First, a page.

The Hunger Games: Catching Fire (2013) Directed by Francis Lawrence. With Jennifer Lawrence, Josh Hutcherson, Liam Hemsworth, Woody Harrelson, Elizabeth Banks, Lenny Kravitz, Philip Seymour Hoffman, Stanley Tucci and Donald Sutherland.
Despite a change of director, this second film adaptation of Suzanne Collins’ dystopian Hunger Games novels, plays surprisingly similar beats to its predecessor. I say this from the perspective of someone who hasn’t read the books, although halfway in, it’s hard to escape the feeling that we’ve been down this road before.
Thanks to the huge financial success of the first film, the cast return, headed up by Jennifer Lawrence as Katniss Everdeen. It’s a welcome breath of fresh air that an actress as natural as Lawrence has become such a recognised action star. Once again, Lawrence is engaging and real in the central role, carrying over much of what made her stand-out so brilliantly in Winters Bone. As before, there’s a plus-serving of dark satire, once again aimed at reality television and its manipulative hold on the masses, which makes for a combination of creepy and knowing black humour.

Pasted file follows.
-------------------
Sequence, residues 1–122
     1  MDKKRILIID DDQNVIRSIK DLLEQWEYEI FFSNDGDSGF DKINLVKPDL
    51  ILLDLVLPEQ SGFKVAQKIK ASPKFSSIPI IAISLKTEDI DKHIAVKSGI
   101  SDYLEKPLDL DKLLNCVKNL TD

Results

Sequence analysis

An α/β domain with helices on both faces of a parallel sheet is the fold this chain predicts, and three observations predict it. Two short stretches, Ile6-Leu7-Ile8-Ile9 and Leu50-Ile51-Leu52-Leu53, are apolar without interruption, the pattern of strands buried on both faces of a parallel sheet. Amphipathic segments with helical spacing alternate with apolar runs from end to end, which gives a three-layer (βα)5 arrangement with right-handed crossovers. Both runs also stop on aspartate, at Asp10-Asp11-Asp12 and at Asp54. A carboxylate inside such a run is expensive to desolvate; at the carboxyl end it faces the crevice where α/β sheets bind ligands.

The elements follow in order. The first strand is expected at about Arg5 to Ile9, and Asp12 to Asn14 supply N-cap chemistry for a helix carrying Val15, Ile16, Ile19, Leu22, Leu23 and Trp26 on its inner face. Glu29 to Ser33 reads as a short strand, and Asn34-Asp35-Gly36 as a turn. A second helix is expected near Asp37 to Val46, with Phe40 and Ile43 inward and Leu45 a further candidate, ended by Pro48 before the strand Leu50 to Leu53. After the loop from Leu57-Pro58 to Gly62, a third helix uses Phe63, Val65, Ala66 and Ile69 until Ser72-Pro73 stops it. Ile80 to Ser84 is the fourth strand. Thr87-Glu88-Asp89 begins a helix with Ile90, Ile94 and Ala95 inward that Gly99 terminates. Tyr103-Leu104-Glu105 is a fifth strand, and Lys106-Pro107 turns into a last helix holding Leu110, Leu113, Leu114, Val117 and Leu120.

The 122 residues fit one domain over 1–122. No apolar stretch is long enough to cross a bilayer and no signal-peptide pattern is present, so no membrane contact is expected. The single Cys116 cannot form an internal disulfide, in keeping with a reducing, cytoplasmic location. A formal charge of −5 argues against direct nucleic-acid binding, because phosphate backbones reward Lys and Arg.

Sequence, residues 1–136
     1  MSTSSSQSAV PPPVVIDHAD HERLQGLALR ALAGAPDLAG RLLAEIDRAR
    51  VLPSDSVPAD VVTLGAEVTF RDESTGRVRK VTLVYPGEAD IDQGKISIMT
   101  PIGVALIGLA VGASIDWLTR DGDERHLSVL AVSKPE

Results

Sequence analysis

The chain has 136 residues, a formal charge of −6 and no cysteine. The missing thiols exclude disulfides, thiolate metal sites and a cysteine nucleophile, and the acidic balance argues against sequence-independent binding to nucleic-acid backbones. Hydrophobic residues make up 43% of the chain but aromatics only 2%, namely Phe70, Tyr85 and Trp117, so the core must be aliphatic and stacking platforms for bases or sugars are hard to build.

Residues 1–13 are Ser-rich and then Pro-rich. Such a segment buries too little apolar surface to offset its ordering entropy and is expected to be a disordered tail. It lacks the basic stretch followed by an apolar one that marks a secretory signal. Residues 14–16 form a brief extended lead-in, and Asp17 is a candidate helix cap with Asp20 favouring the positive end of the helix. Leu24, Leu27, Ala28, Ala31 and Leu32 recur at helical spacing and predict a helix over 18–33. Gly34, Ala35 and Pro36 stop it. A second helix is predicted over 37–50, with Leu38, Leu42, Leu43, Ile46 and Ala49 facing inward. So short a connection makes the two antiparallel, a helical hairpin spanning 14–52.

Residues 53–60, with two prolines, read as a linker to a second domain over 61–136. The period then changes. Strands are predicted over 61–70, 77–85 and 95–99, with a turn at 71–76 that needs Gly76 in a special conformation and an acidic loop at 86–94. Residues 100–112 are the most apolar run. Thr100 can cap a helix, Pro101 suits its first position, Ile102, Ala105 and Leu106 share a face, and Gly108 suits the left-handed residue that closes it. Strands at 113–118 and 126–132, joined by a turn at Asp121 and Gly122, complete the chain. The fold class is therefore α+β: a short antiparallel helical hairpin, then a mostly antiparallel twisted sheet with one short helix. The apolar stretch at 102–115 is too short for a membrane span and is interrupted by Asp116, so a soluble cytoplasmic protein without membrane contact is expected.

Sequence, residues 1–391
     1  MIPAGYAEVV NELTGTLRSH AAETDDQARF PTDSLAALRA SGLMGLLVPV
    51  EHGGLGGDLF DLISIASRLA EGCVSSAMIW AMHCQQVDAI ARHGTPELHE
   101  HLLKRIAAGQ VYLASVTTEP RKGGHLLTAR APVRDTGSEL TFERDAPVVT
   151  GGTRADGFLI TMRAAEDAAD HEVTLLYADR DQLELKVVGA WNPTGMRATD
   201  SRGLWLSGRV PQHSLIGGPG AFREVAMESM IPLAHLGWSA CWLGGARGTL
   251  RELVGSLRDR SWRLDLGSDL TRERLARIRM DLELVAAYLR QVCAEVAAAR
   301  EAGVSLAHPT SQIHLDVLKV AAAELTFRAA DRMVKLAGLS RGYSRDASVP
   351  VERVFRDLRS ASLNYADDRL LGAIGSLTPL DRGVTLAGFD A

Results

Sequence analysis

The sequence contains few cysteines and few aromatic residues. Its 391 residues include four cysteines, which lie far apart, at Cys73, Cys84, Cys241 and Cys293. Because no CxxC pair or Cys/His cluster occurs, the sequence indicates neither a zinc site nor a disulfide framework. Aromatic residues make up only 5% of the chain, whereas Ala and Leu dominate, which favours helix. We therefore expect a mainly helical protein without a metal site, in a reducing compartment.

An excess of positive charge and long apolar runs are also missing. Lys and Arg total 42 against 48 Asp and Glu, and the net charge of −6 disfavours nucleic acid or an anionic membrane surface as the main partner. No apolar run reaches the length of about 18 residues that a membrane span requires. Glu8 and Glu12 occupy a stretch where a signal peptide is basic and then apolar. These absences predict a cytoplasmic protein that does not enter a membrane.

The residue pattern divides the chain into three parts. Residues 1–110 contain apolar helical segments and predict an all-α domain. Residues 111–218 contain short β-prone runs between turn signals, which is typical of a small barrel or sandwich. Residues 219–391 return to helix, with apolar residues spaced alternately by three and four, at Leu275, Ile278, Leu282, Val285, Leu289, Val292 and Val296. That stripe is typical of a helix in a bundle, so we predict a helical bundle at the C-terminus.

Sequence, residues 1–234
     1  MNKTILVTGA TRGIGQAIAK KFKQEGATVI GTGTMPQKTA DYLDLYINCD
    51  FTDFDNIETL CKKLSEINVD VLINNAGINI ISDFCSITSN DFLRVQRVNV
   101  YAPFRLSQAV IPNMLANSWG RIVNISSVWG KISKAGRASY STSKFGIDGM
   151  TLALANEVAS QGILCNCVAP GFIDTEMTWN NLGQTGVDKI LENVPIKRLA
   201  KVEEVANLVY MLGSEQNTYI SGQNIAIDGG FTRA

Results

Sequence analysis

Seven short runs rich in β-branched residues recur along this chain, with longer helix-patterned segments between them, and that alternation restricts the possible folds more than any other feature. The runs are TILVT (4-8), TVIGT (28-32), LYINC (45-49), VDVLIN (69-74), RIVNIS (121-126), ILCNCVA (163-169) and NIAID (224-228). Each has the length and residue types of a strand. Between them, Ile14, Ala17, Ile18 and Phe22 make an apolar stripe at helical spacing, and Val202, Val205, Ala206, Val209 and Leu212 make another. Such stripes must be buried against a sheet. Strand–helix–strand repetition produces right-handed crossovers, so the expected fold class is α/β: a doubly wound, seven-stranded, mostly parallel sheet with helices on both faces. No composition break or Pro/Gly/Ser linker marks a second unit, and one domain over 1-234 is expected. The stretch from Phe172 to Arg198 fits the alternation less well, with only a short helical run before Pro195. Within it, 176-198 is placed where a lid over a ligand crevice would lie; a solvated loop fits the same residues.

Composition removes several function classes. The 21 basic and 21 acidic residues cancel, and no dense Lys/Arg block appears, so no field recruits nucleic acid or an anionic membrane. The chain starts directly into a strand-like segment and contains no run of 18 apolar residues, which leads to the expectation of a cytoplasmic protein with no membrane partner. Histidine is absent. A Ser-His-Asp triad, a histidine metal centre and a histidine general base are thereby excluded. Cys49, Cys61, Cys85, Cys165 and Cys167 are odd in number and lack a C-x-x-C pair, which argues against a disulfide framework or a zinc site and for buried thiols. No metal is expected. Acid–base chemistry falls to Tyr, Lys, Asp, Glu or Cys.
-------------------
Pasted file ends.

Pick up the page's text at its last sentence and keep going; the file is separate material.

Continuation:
In a sense, and much like the previous offering, it’s at its best when focusing on the controlling elements of the government and its insidious way of manufacturing an agenda through the media. There’s a hint that we, the viewers, are being told-off for investing so heavily in such things, in the real world. In that regard, the film sends a strikingly rebellious message. Philip Seymour Hoffman and Donald Sutherland make for a sinister double-act, and there remains unease around who Katniss is able to trust.
Aside from the strength of the performances, which all deliver, it’s disappointing to find so much similarity with the previous film, in terms of the overall narrative movement. The structure is so familiar, that it often feels like re-watching the first film. With many aspects worthy of praise, from the inventive visual effects to the eye-catching costume design, there’s sometimes a nagging feeling that we ought to be more invested. That said, with a finale that suggests a significant shift in tone for the next outing, we’re left on a semi-cliffhanger, that, while might not leave us starving for more, definitely keeps us peckish. 3.5/5